IGN’s Review of Prey is a negative effect on Bethesda’s Review Copies Policy

The internet is going wildfire in the gaming community. With Arkane Studios’ reboot of Prey came stumbling on IGN’s own Dan Stapleton giving the sci-fi horror with a 4 out of 10 initially, IGN made changes on the score just recently to an 8 out of 10. People were aggravated with Dan’s review because of a save file glitch and crashes that weren’t widespread across all who bought Bethesda’s new IP. So I guess it’s now time to tell Bethesda, shit happens when you impose a new policy for review copies.

PC Gamer stated that Prey performed better than Dishonored 2 on PC. We all know that PC is a complex platform. With too many types of hardware ranging from the graphics card to the processors, optimization can be difficult for developers compared on consoles. Now, with this fiasco on a review score again, what does this mean for Metacritic?

The score wouldn’t change. If you’ve followed an event wherein GameSpot’s freelancer gave Natural Selection 2 a pretty low score because of an inaccurate critique, they had the game re-reviewed by a staff member and reached out to Marc Doyle, owner of Metacritic, to update the score because it was horribly reviewed. And the answer by Marc? A big “no”. In the history of publishers influencing review scores, it led Marc to decide whenever a score is already up on Metacritic, then it’s forever stapled on the product – whether or not the investigation and proof are true.

But we’re not here to actually discuss about scores and Metacritic. It’s about Bethesda’s new review copies policy. Last year, on October 25, 2016, Bethesda’s Associate Director, Gary Steinman (former PC Gamer’s Editor-in-Chief), announced on their official website that they will no longer be giving out pre-release review copies to media outlets. The statement said that Bethesda will be sending over copies a day before launch – which doesn’t give a whole lot of time for publications to put out a review before launch. This shows how Bethesda is overly confident about their IPs’ success, and that they initially started this with release of DOOM.

If we want to understand it in a business perspective, given Bethesda’s reputation of success, consumers are still bound to buy their game whether or not they read or watched a review of it. In the media’s perspective, it does give a lot of negative impact to their daily jobs as critics to give out informative detail, criticism, and a guide to people who wants to invest wisely. Dan Stapleton, the same person who reviewed the recently released Prey, responded to Bethesda’s new policy in the same month of October 2016. He stated that it’s “damaging – for informed gamers, for game criticism in general, and even for Bethesda”. He added “we’re in a fortunate position where we’re able to resist the rush and hold our final review scores until we feel they’re ready.”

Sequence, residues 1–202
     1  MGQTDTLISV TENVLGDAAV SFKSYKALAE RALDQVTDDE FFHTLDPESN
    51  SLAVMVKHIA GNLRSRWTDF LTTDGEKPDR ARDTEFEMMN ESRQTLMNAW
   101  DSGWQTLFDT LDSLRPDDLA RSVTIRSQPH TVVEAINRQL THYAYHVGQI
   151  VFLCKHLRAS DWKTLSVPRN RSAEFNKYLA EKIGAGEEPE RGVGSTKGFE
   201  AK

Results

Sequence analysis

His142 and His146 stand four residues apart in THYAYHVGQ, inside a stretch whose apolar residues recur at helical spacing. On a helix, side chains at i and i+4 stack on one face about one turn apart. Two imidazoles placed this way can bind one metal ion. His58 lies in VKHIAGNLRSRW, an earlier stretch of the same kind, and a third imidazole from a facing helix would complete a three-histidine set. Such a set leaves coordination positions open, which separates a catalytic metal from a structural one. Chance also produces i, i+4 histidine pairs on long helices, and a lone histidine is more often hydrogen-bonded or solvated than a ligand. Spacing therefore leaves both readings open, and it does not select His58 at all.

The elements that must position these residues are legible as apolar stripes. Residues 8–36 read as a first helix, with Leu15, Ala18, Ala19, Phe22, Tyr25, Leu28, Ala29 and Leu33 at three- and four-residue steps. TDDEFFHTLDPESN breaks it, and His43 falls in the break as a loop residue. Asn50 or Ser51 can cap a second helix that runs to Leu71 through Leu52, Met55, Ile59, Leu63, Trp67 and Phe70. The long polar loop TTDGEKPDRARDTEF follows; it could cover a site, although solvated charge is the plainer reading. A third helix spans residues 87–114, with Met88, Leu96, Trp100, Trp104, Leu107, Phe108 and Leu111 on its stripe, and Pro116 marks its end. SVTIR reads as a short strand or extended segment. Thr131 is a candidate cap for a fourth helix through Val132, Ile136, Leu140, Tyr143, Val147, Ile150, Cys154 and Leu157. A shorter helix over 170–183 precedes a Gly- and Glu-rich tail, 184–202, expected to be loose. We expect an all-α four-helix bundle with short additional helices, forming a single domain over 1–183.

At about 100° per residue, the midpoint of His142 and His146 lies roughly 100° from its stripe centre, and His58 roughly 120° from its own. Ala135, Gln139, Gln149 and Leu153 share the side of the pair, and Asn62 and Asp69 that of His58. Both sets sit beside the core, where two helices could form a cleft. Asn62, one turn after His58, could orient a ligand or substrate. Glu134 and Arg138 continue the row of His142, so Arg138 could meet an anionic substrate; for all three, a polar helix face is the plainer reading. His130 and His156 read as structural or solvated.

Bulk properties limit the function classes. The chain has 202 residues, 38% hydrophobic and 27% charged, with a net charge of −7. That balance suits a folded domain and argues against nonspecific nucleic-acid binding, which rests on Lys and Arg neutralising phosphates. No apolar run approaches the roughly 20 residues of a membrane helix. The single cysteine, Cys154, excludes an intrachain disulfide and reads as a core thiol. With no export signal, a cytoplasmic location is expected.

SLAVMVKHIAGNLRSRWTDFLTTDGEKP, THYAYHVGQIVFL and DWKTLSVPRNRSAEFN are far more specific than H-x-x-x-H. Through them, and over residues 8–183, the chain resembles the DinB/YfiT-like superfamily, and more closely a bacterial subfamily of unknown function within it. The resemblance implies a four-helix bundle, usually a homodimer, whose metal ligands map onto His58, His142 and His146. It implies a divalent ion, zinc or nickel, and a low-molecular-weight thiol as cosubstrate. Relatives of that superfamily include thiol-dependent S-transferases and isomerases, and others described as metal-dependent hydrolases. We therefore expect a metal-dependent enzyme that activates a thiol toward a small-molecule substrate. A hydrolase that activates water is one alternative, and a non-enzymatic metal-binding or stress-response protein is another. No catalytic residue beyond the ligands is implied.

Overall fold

I agree on Dan’s point about timely reviews and how it also damages informed gamers and game criticism. A big example of that is his initial review of Prey. I understand his stance of the save file glitch and crashes, but he failed to investigate further and hold of his conclusion and score. However, some of you might think that he’s salty about this new policy and that it affected his conclusion about the game, but in all my defense, it didn’t. Bethesda’s new policy makes it difficult for critics to give out a well-polished piece without rushing as the reviews become slowly irrelevant when days pass by after a game’s launch. As a result, this happened: IGN’s review gets a lot of negative feedback from the community, and eventually forced to take a look back into Prey again for one last time. If Bethesda opted this policy out, it would have also given IGN more time to review (and investigate) and also give a solid and concrete score for Prey.

Even until now, we don’t see Destructoid’s (the only publication I trust aside from Jimquisition) final say about Prey. And our own reviewer is also taking his time to give out a full and in-depth review (disclosure: Bethesda sent us a copy). It takes a lot of time and effort to craft a decent review, it may not be perfect but at least it’s informative. If Bethesda relies on Metacritic, then they should know that IGN’s 4 out of 10 will not be removed in any circumstances; they might need to consider changing their policy, or if they don’t really care about Metacritic then Bethesda’s policy can stay.

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